September 2012 – A new short film, America’s Ocean Economy: Challenges and Opportunities, is the first in a series that explores aspects of ocean management with ocean management practitioners from around the world. The film provides an overview of economic issues related to ocean planning. Three additional films are scheduled to be released throughout the fall and will focus on ocean planning and offshore renewable energy, fisheries, and the environment.
September 2012 –The Pacific Regional Ocean Partnership is a voluntary partnership among the governors of the U.S. Pacific Islands region. The governors of American Samoa, the Commonwealth of the Northern Marianas, Guam, and Hawaii signed a partnership agreement that will promote regional collaboration by identifying coastal and ocean management priorities that need to be addressed in a coordinated manner. The signed partnership agreement can be found at http://hawaii.gov/gov/newsroom/press-releases/PROP_signed_082212.pdf
On June 12, 2009, President Obama signed a memorandum establishing the Interagency Ocean Policy Task Force, led by the White House Council on Environmental Quality. On July 19, 2010, the task force released a set of final recommendations that set a new direction for improved stewardship of the ocean, our coasts, and the Great Lakes. The recommendations provide (1) our nation’s first ever national ocean policy; (2) a strengthened governance structure to provide sustained high-level and coordinated attention to ocean, coastal, and Great Lakes issues; (3) a targeted implementation strategy that identifies and prioritizes nine categories for action that the United States should pursue; and (4) a framework for effective coastal and marine spatial planning. These documents are available on the task force’s website. Learn more...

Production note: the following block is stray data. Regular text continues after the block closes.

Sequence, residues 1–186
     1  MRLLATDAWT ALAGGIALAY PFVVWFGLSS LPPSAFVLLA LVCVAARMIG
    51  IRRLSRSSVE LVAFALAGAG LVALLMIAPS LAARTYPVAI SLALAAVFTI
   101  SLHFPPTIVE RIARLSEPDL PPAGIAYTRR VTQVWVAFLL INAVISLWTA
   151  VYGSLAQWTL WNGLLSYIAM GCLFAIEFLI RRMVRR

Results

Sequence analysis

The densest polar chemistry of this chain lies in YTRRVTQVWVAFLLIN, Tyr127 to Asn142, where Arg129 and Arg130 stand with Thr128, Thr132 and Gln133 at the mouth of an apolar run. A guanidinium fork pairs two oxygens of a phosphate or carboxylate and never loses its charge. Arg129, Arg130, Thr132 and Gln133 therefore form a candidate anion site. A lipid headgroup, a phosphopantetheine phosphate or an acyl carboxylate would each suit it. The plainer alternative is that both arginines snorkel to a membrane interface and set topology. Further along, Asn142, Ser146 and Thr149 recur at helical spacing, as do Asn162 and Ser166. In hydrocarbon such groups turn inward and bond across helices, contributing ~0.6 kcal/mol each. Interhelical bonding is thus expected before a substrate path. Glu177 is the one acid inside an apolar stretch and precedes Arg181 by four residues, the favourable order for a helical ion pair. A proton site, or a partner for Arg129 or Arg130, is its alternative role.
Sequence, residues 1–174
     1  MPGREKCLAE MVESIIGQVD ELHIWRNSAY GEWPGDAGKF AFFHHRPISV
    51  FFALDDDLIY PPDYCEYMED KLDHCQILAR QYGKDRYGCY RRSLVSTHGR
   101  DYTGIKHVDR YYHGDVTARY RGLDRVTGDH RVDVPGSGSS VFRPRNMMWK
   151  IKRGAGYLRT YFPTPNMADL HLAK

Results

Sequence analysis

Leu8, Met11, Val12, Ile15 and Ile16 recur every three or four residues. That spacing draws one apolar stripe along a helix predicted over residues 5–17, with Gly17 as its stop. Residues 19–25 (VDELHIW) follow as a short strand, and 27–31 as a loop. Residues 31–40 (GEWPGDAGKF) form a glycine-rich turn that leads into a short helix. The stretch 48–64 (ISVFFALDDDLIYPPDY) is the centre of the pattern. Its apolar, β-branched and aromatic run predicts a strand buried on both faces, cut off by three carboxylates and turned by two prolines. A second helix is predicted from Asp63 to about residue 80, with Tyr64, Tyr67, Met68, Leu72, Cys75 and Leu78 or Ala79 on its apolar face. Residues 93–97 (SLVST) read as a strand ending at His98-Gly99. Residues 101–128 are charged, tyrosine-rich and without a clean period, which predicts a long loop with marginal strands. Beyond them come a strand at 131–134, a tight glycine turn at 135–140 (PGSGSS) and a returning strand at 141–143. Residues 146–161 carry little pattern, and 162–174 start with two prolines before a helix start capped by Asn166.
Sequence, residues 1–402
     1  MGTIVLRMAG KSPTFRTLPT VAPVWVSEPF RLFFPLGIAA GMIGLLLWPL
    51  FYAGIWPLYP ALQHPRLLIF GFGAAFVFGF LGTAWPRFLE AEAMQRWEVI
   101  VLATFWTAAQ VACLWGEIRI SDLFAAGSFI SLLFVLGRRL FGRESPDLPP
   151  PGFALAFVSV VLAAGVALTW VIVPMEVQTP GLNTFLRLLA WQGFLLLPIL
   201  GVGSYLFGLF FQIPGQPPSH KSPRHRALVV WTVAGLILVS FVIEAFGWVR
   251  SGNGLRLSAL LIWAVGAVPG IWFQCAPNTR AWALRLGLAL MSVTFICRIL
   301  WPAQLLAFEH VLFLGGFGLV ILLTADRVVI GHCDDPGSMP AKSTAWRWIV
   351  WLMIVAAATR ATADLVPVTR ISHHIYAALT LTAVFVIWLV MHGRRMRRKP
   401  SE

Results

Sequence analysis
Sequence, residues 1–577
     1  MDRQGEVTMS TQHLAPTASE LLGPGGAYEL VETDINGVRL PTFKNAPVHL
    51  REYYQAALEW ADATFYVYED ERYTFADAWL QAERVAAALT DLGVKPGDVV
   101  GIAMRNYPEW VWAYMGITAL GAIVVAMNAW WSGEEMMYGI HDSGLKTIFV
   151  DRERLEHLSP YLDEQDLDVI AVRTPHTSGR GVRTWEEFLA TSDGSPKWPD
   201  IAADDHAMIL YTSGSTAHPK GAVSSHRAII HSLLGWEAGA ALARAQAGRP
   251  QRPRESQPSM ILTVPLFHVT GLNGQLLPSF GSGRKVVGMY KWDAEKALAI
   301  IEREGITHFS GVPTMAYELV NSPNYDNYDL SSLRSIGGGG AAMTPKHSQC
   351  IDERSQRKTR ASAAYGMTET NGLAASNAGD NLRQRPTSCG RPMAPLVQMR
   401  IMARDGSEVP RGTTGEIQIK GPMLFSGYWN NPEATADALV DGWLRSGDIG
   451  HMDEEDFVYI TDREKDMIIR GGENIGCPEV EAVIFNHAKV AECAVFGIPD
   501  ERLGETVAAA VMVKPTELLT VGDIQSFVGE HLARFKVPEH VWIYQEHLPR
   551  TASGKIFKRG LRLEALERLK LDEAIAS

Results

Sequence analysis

The purpose of this website is to provide users with marine planning information, including national-level policies and NOAA’s prominent role in this activity. Of equal importance is the goal to help managers and policy makers—and all others who use and appreciate the ocean— understand the concept of marine planning and advance its implementation regionally in real-world settings.
Coastal and marine spatial planning (or marine planning) offers a new, comprehensive, and integrated approach to managing uses and activities at the regional level. Marine planning places sound science and the best available information at the heart of decision-making and brings federal, state, tribal, and other partners together to cooperatively develop coastal and marine spatial plans. This process is designed to decrease user conflict, improve planning and regulatory efficiencies, decrease associated costs and delays, engage affected communities and stakeholders, and preserve critical ecosystem functions and services.
Put simply, marine planning is a tool developed from the bottom up to improve collaboration and coordination among all coastal and ocean interests, and to better inform and guide decision-making that affects their economic, environmental, security, and social and cultural interests.